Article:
London’s newest derivatives trading venue is set to debut on Monday with its performance closely watched as Brussels examines whether to sanction Europe’s largest exchange.
CurveGlobal, backed by seven major investment banks and the London Stock Exchange Group, will initially compete in interest rate futures markets that are dominated by Deutsche Börse and the US Intercontinental Exchange.
The latest push by the UK exchange into fixed income derivatives comes at a critical juncture as Brussels assesses the potential merger of the LSE and Deutsche Börse.
As part of its initial investigation Brussels is looking at whether its wings could be clipped and it would no longer offer competition to the German group. Questionnaires sent out to market participants by the European Commission have asked whether, “absent the merger, CurveGlobal can become a credible new player”.
Andrew Ross, who joined in February as chief executive after 14 years at Morgan Stanley, says it will remain separate, pointing to the venue’s governance structure.
The seven banks — Bank of America Merrill Lynch, Goldman Sachs, Barclays, BNP Paribas, Citi, JPMorgan and Société Générale — will own 65 per cent. The LSE will own 25 per cent and CBOE Holdings, the US equity options exchange, the rest. The £30m they have invested will fund CurveGlobal for five years.
CurveGlobal will initially begin with fixed income contracts that look like the most actively-traded futures but will develop new products. Mr Ross likened it to Netflix: “We aren’t owning the TVs — sometimes we’ll distribute someone else’s products and sometimes we’ll have our own original content.”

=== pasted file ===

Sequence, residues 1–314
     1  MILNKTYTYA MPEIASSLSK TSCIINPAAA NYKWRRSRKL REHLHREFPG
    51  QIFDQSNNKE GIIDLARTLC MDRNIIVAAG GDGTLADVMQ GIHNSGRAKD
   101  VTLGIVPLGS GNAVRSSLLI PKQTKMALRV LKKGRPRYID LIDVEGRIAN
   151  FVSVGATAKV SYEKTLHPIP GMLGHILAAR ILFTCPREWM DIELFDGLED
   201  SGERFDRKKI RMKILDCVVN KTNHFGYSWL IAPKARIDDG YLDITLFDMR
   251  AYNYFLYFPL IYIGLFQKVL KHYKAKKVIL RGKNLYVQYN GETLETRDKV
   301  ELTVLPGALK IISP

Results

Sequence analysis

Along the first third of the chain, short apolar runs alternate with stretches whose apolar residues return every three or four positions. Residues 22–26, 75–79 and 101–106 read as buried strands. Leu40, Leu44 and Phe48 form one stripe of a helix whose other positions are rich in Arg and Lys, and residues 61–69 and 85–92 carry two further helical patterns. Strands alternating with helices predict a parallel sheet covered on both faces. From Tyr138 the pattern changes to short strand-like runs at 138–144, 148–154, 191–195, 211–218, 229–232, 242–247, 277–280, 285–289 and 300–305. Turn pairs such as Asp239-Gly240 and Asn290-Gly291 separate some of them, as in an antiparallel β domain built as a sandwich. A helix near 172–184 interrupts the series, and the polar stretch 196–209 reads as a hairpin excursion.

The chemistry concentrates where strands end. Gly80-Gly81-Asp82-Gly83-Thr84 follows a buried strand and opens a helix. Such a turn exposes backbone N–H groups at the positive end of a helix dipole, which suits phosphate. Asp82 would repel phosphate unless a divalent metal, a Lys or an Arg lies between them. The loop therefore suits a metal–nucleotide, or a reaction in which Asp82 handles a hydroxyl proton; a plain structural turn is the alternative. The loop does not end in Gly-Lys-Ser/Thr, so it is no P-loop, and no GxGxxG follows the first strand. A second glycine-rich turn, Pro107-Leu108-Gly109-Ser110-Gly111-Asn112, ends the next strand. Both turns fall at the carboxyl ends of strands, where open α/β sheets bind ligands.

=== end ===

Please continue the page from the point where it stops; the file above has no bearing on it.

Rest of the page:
Tougher post-crisis rules have forced banks to hold millions of dollars against their trades in capital, funding and margin requirements. Trading via CurveGlobal would allow investors to net positions in their portfolios at LCH, the LSE and bank-owned clearing house, reducing those costs.
Mr Ross said one unnamed customer saved $300m in tests. “We’d say the fixed income market was fundamentally broken. It’s really challenging if you’re the banks in this space.’’
Many industry executives privately doubt its chances, pointing to a long list of failed efforts to move liquidity from one venue to another. An attempt by Nasdaq, the US exchange, has failed to gain traction.
However Frederic Ponzo, managing partner of GreySpark Consulting, argued that the platform could be a success. “It is supported by the seven biggest rates dealers in Europe who will most certainly pump liquidity into it and is underpinned by proper exchange technology.”
The involvement of CBOE has led to speculation it will push into the US electronic swaps market or develop fixed income volatility indices. “CBOE has been very helpful with advice on an approach in the US. That might lead up to some thoughts on the evolution of the products,” said Mr Ross.